Bless’s Fur-ified Cleaning Products With Fendi Ask the Question: What Should We Do With Leftover Fur?

At Fendi’s booth in Design Miami–the annual, preeminent fair for contemporary design—there was an all-purpose spray bottle in the corner. It wasn’t a forgotten or discarded item, left over from a last-minute cleaning. Instead, it was very much an objet d’art: carefully wrapped in fur by the Paris and Berlin-based studio, Bless.

The use of real fur is one of the most controversial subjects in fashion. Over the past several years, major fashion houses including Chanel and Gucci have banned the use of the material, while department stores like Saks Fifth Avenue have closed their once-crowded fur salons and stopped selling items that feature animal fur at all. Other brands, noting the chemicals needed to produce faux fur, pledged a commitment to using natural, traceable furs they say guarantee animal welfare. Yet consumers are still left to grapple with how they feel about fur items, especially when those purchases were made before such ethical concerns became such a lightning-rod topic. Is it okay to wear a vintage coat purchased by your grandma in the 1960s? Should you put those shearling gloves in storage because of what they stand for and buy a new, faux pair—even if that means in a small way contributing to the cycle of unnecessary consumerism that’s harming our planet?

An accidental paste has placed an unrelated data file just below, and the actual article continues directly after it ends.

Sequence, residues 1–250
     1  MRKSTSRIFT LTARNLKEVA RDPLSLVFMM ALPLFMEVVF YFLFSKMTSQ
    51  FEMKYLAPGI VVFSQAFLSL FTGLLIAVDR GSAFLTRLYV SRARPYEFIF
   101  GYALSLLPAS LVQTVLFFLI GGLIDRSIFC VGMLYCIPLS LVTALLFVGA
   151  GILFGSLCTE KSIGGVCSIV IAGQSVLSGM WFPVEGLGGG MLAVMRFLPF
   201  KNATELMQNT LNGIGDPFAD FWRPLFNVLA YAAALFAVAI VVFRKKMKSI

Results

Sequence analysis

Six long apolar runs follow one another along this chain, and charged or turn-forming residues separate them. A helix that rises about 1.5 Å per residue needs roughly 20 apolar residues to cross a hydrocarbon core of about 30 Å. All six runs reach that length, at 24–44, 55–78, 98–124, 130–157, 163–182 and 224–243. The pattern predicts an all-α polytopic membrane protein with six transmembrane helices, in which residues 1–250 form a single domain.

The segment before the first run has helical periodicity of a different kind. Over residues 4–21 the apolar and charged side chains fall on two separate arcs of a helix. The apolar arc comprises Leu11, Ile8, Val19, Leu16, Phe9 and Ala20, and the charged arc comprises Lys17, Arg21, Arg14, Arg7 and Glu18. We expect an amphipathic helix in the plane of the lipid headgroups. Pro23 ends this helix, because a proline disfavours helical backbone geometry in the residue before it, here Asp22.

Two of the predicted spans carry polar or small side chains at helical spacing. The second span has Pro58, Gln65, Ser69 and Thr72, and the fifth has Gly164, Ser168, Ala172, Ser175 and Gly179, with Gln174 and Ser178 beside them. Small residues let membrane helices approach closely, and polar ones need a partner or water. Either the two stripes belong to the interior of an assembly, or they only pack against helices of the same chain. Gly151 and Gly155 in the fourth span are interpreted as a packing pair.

Bless and Fendi throw themselves into the complexity of that conversation. Using upcycled materials from the Fendi archive, they fur-ified several household cleaning products, including spray and bleach bottles. Meanwhile, they covered a broom in goatskin leather.  By using them to cover utilitarian objects, they strip away the glamour typically associated with fur products: Even if you’re using a Fendi bottle, cleaning your windows is still a chore. “We get these products in the supermarket and use them daily,” says Bless co-founder Desiree Heiss. Then there’s the tongue-in-cheek impracticality of it all—fur and Lysol, well, likely won’t mix in the longterm. (Can’t say we’ve tried.) The result? A fascinating contrast between utility and luxury.

It also all begs the question: is the use of fur or animal skins okay in a situation like this—a public art exhibit meant to provoke discussion—when otherwise it would have ended up in a landfill? Or is any use of it unjustified, with the mere presence of it indicating acceptance? “This material in recent years has only been discussed in a one-dimensional way,” Heiss says. “Only from the perspective of how not to use fur.”

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